Wait, Is That Really Just Honey?


When you buy a bottle of honey, it should contain only one ingredient - honey. Unfortunately, that may not always be the case. A study found that honey is among the top ingredients for food fraud. The study was compiled by the U.S. Pharmacopeial Convention (USP), which recently added close to 800 new records to its Food Fraud Database - that's an increase of over 60 percent since 2010. The other top ingredients include olive oil, milk, saffron, and coffee, tea, fish, clouding agents and black pepper. USP researchers also found that milk, vegetable oils and spices were among the top food fraud categories. The ingredients which appeared most frequently on the list were milk, fish, turmeric, chili powder, and cooking oil followed by shrimp, lemon juice and maple syrup.

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USP defines food fraud as the "deliberate substitution, addition, tampering or misrepresentation of food, food ingredients or food packaging, or false or misleading statements made about a product for economic gain."

Food fraud is an issue worldwide. According to Food Business News, "The database includes examples of watered-down and urea adulterated fluid milk in India, dilution of milk powder with fillers such as maltodextrin in South America and replacement of milk fat with vegetable oil in South America. China had a food fraud problem with 'gutter oil,' or waste oil repurposed as cooking oil".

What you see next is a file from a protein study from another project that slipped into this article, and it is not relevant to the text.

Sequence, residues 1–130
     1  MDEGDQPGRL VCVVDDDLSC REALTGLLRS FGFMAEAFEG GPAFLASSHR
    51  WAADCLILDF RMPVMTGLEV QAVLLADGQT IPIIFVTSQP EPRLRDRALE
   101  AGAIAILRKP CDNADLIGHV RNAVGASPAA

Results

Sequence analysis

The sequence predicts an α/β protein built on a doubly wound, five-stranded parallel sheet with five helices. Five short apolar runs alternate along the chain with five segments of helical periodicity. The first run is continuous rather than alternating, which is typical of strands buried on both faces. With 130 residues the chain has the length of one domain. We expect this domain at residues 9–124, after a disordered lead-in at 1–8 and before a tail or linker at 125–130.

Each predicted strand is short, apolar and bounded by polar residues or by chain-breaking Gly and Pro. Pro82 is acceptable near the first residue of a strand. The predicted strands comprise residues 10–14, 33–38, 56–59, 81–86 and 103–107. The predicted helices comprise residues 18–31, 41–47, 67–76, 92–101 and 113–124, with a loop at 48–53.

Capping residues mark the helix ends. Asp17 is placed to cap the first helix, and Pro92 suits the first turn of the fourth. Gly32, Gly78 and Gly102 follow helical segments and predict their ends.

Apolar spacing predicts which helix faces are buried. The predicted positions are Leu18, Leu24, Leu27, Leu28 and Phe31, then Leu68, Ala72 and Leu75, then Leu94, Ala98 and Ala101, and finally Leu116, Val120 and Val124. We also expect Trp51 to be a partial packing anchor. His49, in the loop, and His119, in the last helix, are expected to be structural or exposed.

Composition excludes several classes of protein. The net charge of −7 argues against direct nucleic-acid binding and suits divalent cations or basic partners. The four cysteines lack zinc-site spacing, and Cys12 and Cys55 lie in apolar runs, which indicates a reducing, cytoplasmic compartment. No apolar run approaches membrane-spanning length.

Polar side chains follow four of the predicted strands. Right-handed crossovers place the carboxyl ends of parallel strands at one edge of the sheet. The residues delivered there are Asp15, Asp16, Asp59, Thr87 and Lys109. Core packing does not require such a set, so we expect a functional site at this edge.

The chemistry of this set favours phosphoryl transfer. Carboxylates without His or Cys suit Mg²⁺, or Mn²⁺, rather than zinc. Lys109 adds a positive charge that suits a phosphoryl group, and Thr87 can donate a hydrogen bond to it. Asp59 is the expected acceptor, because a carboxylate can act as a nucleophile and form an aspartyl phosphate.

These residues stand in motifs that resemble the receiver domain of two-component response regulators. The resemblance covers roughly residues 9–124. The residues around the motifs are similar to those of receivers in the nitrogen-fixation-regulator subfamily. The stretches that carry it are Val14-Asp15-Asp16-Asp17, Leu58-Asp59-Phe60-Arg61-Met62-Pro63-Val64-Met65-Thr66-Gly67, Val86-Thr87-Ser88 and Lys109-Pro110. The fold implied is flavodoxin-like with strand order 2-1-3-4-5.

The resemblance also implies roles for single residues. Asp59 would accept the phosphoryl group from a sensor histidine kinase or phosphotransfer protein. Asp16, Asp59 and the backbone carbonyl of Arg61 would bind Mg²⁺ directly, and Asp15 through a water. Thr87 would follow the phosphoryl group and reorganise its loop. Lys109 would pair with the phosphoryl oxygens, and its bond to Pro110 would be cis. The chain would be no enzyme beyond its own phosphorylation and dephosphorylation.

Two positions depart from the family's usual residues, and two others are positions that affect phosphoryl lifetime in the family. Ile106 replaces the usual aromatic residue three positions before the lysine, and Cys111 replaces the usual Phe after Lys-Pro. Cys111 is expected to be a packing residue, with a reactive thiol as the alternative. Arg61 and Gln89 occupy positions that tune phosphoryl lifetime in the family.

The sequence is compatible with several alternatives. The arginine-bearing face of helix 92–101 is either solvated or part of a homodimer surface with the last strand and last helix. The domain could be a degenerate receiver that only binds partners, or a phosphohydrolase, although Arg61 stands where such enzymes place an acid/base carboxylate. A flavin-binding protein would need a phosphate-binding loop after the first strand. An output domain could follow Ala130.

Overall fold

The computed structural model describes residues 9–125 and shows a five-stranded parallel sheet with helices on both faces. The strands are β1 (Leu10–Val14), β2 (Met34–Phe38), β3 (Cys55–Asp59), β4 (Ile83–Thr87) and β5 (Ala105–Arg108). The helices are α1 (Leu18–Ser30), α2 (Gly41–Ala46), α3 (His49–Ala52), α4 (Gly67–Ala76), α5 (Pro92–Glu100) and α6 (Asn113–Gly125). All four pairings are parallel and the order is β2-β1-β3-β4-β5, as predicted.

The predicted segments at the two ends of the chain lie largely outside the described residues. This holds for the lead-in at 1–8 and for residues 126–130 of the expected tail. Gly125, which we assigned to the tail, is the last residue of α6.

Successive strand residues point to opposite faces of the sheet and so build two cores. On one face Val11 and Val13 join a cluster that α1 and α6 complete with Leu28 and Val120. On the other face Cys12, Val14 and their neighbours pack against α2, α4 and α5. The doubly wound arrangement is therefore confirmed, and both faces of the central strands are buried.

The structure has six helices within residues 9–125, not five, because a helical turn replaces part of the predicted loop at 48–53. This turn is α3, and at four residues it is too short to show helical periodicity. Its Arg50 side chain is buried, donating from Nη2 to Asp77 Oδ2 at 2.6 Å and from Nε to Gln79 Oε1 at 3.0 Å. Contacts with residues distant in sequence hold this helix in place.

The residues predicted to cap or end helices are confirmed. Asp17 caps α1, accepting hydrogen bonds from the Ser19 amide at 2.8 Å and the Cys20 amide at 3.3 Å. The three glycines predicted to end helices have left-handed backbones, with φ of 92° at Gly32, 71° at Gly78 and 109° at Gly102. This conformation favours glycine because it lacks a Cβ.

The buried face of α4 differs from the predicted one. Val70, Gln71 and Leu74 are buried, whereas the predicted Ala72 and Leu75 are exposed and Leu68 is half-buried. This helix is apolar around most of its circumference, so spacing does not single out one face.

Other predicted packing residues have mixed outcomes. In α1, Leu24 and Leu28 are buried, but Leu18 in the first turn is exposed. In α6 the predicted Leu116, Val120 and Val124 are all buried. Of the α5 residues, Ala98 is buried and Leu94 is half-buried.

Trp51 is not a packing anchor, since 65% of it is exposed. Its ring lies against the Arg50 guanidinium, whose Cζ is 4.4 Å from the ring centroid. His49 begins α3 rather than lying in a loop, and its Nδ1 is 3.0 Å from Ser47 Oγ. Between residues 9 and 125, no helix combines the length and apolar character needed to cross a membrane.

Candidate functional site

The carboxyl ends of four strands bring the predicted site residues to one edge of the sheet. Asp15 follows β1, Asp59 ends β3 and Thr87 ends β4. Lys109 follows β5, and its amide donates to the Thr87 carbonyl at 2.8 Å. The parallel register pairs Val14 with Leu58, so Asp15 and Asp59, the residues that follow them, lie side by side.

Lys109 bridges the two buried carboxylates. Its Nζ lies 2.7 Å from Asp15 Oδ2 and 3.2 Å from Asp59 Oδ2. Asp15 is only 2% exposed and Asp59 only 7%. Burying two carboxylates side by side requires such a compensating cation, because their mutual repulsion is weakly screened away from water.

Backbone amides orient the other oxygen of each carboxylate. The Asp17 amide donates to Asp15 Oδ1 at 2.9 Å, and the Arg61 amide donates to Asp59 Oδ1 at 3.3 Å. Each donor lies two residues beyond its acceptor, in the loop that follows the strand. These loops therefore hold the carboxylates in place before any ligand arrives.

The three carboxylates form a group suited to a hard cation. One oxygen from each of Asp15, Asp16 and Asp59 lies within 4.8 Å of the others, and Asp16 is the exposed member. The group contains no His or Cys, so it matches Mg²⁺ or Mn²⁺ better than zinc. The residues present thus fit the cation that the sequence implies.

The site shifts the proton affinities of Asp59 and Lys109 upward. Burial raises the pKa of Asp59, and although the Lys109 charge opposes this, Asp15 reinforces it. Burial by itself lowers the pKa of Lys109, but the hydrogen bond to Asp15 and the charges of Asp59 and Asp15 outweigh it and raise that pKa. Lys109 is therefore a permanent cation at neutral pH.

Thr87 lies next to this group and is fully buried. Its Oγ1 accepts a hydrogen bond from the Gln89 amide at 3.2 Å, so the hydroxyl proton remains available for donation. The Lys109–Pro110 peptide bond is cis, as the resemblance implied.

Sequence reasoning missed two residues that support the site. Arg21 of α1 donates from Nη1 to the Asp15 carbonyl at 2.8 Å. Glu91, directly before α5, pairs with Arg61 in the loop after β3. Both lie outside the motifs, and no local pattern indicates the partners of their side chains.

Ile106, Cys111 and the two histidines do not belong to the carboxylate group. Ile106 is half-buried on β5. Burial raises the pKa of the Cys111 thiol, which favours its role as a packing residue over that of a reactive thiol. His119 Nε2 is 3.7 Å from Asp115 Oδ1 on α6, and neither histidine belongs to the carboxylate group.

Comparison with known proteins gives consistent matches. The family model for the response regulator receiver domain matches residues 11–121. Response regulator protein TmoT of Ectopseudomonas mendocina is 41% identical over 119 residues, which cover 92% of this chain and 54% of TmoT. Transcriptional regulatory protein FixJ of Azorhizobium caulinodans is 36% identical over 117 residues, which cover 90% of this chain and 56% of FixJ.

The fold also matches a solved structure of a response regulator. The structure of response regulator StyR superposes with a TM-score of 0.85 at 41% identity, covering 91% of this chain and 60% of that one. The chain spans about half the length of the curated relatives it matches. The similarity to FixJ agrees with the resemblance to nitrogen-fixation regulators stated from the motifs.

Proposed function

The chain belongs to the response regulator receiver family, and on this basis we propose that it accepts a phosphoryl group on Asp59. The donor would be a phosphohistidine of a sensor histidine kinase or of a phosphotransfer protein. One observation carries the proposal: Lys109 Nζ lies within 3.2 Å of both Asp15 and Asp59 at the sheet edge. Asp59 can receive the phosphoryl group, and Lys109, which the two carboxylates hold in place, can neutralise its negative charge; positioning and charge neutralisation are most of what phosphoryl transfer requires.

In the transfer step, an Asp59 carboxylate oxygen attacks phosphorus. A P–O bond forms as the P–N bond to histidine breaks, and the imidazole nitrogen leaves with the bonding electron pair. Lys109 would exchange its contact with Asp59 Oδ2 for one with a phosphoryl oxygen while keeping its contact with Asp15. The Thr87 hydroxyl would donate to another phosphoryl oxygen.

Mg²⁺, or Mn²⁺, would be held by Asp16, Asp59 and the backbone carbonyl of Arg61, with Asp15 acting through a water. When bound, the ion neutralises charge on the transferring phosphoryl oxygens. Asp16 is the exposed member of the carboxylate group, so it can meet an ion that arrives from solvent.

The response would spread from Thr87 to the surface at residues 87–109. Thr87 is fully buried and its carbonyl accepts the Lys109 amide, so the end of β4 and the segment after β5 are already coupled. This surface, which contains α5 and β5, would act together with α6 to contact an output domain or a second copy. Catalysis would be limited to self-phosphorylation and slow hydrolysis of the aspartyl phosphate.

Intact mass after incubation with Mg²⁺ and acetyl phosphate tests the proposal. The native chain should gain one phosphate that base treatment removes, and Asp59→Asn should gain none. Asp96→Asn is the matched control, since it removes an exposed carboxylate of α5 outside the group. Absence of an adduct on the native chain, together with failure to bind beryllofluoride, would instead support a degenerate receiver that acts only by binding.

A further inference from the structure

Food fraud is nothing new, as Dr. Jeffrey Moore, senior scientific liaison for USP and the database's creator and lead analyst, points out. However, Moore added that "we suspect that what we know about the topic is just the tip of the iceberg."

The fact that fraudulent food claims even exist (and that most consumers are unaware of them), makes the USP's database all that more important. The very reason that the USP created it was to "shed some light on this largely uncharacterized space by collecting and analyzing the fragmented information in the public domain reported by scholars, regulators and media," as Moore stated.

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What can you do to protect yourself from food fraud? CNN's blog, Eatocracy, lists several ways. The suggestions include purchasing a "whole alternative" versus a diluted version. For example, buy limes and lemons instead of their juice. Another suggestion is to "buy from reputable sources and brands you trust." In other words, do your research about a company if you are unfamiliar with it or its products. Be an informed consumer.

Photo credit: Joelk75


References:

United States Pharmacopeial Convention, Food Fraud Database, us.vocuspr.com/Newsroom/ViewAttachment.aspx?SiteName=USPharm&Entity=PRAsset&AttachmentType=F&EntityID=109685&AttachmentID=469a974d-0aee-4a5e-bf11-01b5db5b233a

Eatocracy, "Faux pas! Food fraud on the rise" http://eatocracy.cnn.com/2013/01/23/faux-pas-food-fraud-on-the-rise/?hpt=ea_c1 


By Andrea Donsky| October 16, 2013
Categories:  Eat
Keywords:  Food Labels

About the Author

Andrea Donsky

Andrea Donsky

Founder & Chief Passionista at NaturallySavvy.com. See my full bio here.

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